Thirdly, don't waste the lessons learnt. Do not come out of your suffering having learnt nothing. God takes us through these journeys so we can learn and grow. We don't choose to suffer, but we can learn from it. Once the darkness clears, we will have more strength, sensitivity, patiences, understanding of others, maturity, depth, compassion, fortitude and thanks than before. No one says suffering isn't painful but if we all embrace the lessons learned, then our suffering is never in vain and finding contentment is so much easier.

Contentment during suffering doesn't mean you won't feel sad or in pain. Contentment doesn't stop the pain. Contentment doesn't mean you can't cry out out to God. Being content does bring you peace during a storm, it does give you strength and it does bring you joy.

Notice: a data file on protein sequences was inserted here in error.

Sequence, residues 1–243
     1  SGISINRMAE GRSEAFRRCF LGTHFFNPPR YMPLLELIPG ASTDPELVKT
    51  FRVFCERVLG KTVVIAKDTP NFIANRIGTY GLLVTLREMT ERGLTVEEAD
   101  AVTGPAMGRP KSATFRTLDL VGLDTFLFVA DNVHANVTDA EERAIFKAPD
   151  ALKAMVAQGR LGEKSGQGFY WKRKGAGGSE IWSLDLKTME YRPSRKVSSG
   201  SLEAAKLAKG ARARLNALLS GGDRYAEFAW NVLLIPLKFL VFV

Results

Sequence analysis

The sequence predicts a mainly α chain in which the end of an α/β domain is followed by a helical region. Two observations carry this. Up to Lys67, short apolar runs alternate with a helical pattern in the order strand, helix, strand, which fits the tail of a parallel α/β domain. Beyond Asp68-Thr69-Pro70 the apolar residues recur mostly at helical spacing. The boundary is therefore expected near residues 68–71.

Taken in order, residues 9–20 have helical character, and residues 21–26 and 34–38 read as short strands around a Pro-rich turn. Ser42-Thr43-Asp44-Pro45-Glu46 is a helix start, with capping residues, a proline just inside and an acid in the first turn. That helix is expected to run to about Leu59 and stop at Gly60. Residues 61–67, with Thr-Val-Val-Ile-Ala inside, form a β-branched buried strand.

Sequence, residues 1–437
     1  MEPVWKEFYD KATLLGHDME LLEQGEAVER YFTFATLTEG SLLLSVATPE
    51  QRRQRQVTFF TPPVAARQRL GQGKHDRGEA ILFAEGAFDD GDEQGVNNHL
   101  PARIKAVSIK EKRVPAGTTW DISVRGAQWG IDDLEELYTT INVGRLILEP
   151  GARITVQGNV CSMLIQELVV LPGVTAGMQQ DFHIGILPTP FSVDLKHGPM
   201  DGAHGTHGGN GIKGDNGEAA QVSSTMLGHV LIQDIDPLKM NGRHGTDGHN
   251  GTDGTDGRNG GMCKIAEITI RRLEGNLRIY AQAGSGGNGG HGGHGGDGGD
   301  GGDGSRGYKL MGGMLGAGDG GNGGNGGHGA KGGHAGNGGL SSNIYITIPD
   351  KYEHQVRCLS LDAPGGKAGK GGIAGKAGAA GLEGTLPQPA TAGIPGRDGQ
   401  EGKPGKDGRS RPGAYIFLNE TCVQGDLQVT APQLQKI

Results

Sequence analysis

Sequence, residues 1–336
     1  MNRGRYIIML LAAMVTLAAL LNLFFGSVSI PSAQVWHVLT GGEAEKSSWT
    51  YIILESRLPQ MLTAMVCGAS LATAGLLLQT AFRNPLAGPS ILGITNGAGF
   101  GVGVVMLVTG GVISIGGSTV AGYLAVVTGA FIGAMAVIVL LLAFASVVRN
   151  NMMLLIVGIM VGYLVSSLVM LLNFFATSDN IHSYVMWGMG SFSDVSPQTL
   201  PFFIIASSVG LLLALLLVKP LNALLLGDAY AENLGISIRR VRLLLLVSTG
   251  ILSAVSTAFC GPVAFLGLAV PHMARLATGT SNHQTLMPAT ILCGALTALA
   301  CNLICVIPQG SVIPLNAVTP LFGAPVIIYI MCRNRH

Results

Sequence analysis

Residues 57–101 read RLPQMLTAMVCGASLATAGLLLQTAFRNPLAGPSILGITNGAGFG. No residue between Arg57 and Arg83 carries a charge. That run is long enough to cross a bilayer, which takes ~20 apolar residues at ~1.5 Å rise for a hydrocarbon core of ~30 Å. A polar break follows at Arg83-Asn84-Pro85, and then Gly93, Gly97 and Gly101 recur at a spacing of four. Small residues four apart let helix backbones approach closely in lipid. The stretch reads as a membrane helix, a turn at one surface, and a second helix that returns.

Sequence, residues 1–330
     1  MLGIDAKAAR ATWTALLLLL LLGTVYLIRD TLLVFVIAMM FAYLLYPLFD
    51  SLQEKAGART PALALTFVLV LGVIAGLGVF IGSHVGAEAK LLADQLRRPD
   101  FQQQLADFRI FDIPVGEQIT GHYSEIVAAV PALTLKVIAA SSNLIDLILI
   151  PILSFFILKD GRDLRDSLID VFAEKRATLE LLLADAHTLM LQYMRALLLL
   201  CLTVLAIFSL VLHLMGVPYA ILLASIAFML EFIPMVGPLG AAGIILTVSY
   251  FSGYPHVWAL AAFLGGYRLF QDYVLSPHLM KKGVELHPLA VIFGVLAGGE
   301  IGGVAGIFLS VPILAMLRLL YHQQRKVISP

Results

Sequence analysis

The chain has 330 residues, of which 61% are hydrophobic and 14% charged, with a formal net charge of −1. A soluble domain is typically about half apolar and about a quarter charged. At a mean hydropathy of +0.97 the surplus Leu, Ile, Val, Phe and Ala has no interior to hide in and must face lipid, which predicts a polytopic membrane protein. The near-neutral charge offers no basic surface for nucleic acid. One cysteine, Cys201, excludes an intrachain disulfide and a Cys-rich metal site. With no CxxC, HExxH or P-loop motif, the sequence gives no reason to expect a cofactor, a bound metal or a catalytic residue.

Monday, October 24, 2016

Ways to help those who are dying or sick

A few months before Ruth Terracini died she wrote a letter (link) to others so they could better understand death and dying. In her letter she included ways that we can help those who are dying, including the carers (may that be a husband or wife, siblings, extended family or friends). 
"It takes energy to ask for help, and it somehow makes the situation seem even more hard to bear … "not only am I sick, and a burden too, now I have to think of jobs for people to do!" I truly appreciated it when people took the initiative. When people offered specific help and followed through I could relax, be grateful, and feel loved.